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Here's a sampling of what people are writing about on Open Access Day, in no particular order:
Walt Crawford, Open access: A quick post, Walt at Random, October 14, 2008.
... The traditional journal system is broken. Too many of the journals cost too much–and strip academic libraries of the flexibility to maintain solid monograph and humanities collections because they’re trying, impossibly, to keep up with those faster-than-inflation price rises. The net result is that fewer people have access to less of the research over time. That’s not good for the fields, it’s not good for people seeking out information. ...John Dupuis, Open Access Day: OA & me, Confessions of a Science Librarian, October 14, 2008.
... Open Access matters to me because I think it's important for the fruits of scholarship to be as widely accessible as possible. It is only through the widest availability that the state of the art will be examined, tested and pushed further. ...Now let us praise Open Access, Harvard University Press Publicity Blog, October 14, 2008.
... HUP plans to wade into the pool ourselves with the launch this fall of the Journal of Legal Analysis, "a peer-reviewed open access journal sponsored by the Harvard Law School," which will publish, free of charge, superior scholarship in legal analysis from all disciplines. Articles will be faculty-edited and refereed by our fine friends at the Law School, so if you think you've got the goods check out the journal's website for a list of already-accepted articles and contact info for the editorial team. We'll be publishing using the Public Knowledge Project's Open Journal Systems, which will allow us to make the content freely available while preserving all the bits and pieces of the traditional publishing process, including indexing and all that thrilling stuff. ...Andrea Wiggins, Open Access Day, Social Life of Information, October 14, 2008.
... Open access matters to me because I’m an idealist at heart. There, I said it. ... But my idealism in this regard runs a little deeper than simple bleeding-heart liberalism; as an academic, I’m not in this knowledge production business to hoard ideas and information and knowledge that could potentially make the world a better place. The whole point of scientific research is to address real-world problems. If I wanted to hide my light under a basket, I would have stayed in industry, where my hourly billing rate was pretty astronomical (a good web analytics professional doesn’t come cheap). I want to do science to make the world better, not just to improve the scholarship of privileged institutions. I’m motivated to make an intellectual contribution for its own sake, not to make a buck ...Open Access: Spotlight on Science Commons, Plausible Accuracy, October 14, 2008.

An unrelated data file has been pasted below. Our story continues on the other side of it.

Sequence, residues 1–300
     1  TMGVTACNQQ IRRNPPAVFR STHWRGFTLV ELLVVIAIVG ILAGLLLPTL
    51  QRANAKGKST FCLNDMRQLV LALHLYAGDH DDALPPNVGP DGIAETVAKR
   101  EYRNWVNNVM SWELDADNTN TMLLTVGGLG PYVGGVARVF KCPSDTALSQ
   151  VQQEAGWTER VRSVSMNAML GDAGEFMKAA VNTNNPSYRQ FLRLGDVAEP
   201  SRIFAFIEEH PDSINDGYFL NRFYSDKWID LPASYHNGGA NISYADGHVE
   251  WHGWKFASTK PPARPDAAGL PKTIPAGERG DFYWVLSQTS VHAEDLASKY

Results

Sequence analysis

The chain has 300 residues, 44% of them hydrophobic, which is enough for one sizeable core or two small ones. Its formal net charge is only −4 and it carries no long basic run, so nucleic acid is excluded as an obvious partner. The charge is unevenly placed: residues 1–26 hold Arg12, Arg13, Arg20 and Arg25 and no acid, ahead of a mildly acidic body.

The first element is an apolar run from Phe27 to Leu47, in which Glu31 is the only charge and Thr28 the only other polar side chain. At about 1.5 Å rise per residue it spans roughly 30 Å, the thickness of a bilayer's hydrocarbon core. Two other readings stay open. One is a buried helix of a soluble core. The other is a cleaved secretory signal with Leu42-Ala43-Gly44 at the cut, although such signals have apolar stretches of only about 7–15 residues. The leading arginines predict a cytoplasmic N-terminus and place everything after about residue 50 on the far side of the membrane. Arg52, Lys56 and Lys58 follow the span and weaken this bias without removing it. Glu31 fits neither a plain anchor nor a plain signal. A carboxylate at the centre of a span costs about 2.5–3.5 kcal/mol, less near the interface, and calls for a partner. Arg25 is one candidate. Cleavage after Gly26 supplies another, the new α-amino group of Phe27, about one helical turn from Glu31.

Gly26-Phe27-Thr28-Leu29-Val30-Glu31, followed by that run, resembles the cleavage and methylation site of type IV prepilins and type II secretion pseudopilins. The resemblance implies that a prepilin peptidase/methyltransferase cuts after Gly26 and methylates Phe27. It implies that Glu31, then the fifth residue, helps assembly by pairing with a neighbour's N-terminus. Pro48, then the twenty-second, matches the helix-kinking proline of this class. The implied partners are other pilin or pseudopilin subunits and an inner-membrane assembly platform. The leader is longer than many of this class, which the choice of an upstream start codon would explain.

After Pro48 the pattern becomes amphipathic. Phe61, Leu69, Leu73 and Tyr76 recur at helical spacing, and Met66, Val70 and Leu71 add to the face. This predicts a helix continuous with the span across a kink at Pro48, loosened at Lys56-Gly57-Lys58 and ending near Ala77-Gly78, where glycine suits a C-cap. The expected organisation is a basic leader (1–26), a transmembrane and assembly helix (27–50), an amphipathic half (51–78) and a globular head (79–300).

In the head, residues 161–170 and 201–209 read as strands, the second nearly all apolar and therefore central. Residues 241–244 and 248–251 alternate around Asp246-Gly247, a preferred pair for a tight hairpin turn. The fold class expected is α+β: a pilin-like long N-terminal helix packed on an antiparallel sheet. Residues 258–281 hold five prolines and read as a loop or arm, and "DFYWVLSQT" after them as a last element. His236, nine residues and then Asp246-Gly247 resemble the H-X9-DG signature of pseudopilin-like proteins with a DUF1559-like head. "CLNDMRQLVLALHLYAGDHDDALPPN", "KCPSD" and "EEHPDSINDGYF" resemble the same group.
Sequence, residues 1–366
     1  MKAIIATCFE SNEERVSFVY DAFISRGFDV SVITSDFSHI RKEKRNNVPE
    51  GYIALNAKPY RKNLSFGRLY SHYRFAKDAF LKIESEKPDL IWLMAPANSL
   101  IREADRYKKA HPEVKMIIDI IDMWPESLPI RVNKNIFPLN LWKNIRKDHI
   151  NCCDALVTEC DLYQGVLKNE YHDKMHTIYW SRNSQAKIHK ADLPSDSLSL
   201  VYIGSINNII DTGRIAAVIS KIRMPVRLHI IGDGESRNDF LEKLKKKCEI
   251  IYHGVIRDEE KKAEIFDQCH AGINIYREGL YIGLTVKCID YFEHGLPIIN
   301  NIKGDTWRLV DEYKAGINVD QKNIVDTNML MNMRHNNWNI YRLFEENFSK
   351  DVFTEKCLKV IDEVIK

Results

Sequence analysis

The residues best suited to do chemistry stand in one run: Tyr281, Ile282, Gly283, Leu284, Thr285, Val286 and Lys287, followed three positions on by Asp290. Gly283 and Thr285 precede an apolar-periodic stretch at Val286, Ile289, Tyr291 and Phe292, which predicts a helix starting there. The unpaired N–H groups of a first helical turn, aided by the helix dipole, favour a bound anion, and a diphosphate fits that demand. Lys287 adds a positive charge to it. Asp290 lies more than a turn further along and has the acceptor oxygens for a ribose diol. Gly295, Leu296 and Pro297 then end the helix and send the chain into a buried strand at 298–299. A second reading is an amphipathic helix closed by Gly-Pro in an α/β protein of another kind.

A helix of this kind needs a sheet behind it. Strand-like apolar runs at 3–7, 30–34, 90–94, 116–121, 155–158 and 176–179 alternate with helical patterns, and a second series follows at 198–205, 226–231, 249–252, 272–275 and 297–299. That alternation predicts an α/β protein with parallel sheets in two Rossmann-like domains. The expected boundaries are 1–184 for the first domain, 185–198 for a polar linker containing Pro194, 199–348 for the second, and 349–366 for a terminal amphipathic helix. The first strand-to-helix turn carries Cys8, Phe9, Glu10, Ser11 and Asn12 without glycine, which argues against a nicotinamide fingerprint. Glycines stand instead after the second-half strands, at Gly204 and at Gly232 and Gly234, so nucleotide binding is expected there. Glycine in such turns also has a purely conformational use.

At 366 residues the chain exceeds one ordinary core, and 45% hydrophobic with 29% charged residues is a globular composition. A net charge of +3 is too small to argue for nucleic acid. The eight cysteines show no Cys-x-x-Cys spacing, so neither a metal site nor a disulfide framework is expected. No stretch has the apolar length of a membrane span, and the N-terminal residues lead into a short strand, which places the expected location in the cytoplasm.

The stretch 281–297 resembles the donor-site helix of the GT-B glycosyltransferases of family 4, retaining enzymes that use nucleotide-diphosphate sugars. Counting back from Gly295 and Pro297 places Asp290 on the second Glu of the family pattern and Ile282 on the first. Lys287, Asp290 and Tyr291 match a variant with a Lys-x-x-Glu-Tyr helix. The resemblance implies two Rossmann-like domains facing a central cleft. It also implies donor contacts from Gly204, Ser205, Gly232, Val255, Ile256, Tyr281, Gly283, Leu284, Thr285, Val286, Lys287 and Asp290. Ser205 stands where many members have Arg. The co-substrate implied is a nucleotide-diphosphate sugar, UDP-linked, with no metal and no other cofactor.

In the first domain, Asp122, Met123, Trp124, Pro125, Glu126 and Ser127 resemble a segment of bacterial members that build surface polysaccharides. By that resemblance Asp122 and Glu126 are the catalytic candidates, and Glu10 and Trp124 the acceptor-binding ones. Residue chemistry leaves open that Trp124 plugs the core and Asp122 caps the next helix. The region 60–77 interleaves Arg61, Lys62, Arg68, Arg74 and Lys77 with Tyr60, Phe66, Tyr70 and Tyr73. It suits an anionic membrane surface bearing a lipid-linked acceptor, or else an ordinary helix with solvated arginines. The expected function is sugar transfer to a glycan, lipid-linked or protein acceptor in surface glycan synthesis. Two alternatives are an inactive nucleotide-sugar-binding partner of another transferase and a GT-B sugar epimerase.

Daniel Mietchen, Open Access is an important step on the way towards open science, daniel's blog, October 14, 2008.
... OA, for me, marks a turning point within the scientific cycle, i.e. the iterative process which leads (if sufficiently funded) from a research question or idea to a hypothesis or new method that can be tested and, ultimately, to the results of those tests which then have to be communicated. This communication step is crucial, as it adds to our global knowledge foundation (often described, following Newton, as "the shoulders of giants") for new research questions or ideas that may eventually lead to things like "innovation", "insight" and "progress". If innovators-to-be, however, do not have access to the findings of their forebears (which may indeed be contemporaries), they will have to spend a lot of their time and resources by (re)inventing some aspects of the giants' shoulders before starting to work on their innovations in the first place. ...Olexandr Isayev, October 14: Open Access Day, isayev.info, October 14, 2008.
... [P]erhaps [OA] signals a fundamental change in the way that information is flowed from writers to readers and an admission that the traditional publishing process is obsolete in the digital age. We live in a world where people expect instant information in the top 20 hits from a Google and that expectation is transferring the science too. It doesn’t matter how prestigious your journal is. People want information, they want it now! And if you can’t deliver, they are going somewhere else. ...